The protocol was conducted in agreement with the Helsinki declaration. This dataset was completely anonymous and did not contain any identifiable personal health information. This study was approved by the ED (Assistance Publique-Hôpitaux de Paris) committees on ethics, research and informatics.
Patient informed consent was obtained before study inclusion.
- 2.Rosselli R, Martini M, Fluad Effect Working Group, Bragazzi NL, Watad A (2017) The public health impact of the so-called “Fluad effect” on the 2014/2015 influenza vaccination campaign in Italy: ethical implications for health-care workers and health communication practitioners. Adv Exp Med Biol 973:125–134CrossRefPubMedGoogle Scholar
- 4.US Department of Health and Human Services (2016) Immunization and infectious diseases. https://www.healthypeople.gov/2020/topics-objectives/topic/immunization-and-infectious-diseases/objectives. Accessed 11 July 2017
- 5.Direction Générale de la Santé (2012) Comité technique des vaccinations. Guide des vaccinations. http://solidarites-sante.gouv.fr/IMG/pdf/Guide_des_vaccinations_edition_2012.pdf. Accessed 14 Nov 2017
- 6.European Centre for Disease Prevention and Control (2016) Influenza. http://ecdc.europa.eu/en/healthtopics/influenza/Pages/home.aspx. Accessed 02 July 2017
- 7.Centers for Disease Control and Prevention (2016) Flu vaccination coverage. United States, 2014–15 influenza season. http://www.cdc.gov/flu/fluvaxview/coverage-1415estimates.htm. Accessed 11 July 2017
- 9.Dexter LJ, Teare MD, Dexter M, Siriwardena AN, Read RC (2012) Strategies to increase influenza vaccination rates: outcomes of a nationwide cross-sectional survey of UK general practice. BMJ Open 11:2Google Scholar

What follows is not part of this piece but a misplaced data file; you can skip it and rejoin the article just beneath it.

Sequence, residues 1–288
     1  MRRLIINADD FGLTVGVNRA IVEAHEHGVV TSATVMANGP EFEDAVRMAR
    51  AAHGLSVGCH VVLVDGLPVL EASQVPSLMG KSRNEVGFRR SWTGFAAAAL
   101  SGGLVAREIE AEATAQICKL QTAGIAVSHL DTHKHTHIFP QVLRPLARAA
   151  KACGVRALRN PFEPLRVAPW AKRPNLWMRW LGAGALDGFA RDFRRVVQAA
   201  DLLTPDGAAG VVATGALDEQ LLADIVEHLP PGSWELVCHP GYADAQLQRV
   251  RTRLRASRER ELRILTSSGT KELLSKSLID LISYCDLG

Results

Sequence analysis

- 10.Bechini A, Bonanni P, Lauri S, Tiscione E, Levi M, Prato R et al (2017) Strategies and actions of multi-purpose health communication on vaccine preventable infectious diseases in order to increase vaccination coverage in the population: the ESCULAPIO project. Hum Vaccines Immunother 13:369–375CrossRefGoogle Scholar
- 18.Assurance Maladie (2016) Grippe saisonnière. La campagne nationale de vaccination contre la grippe saisonnière se déroule du 6 octobre 2016 au 31 janvier 2017. Le point sur la campagne, le dispositif mis en place et les modalités pratiques. http://www.ameli.fr/professionnels-de-sante/infirmiers/exercer-au-quotidien/vaccination-contre-la-grippe-saisonniere/la-campagne-de-vaccination-2016-2017.php. Accessed 16 Nov 2017
- 19.Centers for Disease Control and Prevention (2016) Flu vaccination coverage. United States, 2014–15 influenza season. http://www.cdc.gov/flu/fluvaxview/coverage-1415estimates.htm. Accessed 12 Jul 2017
- 21.Nicand E (2015) Couverture vaccinale en France en 2014: un bilan contrasté. https://www.mesvaccins.net/web/news/6140-couverture-vaccinale-en-france-en-2014-un-bilan-contraste. Accessed 01 July 2017
- 23.Jiménez-García R, Rodríguez-Rieiro C, Hernandez-Barrera V, Carrasco Garrido P, López de Andres A, Esteban-Vasallo MD et al (2014) Negative trends from 2008/9 to 2011/12 seasons in influenza vaccination coverages among high risk subjects and health care workers in Spain. Vaccine 32:350–354CrossRefPubMedGoogle Scholar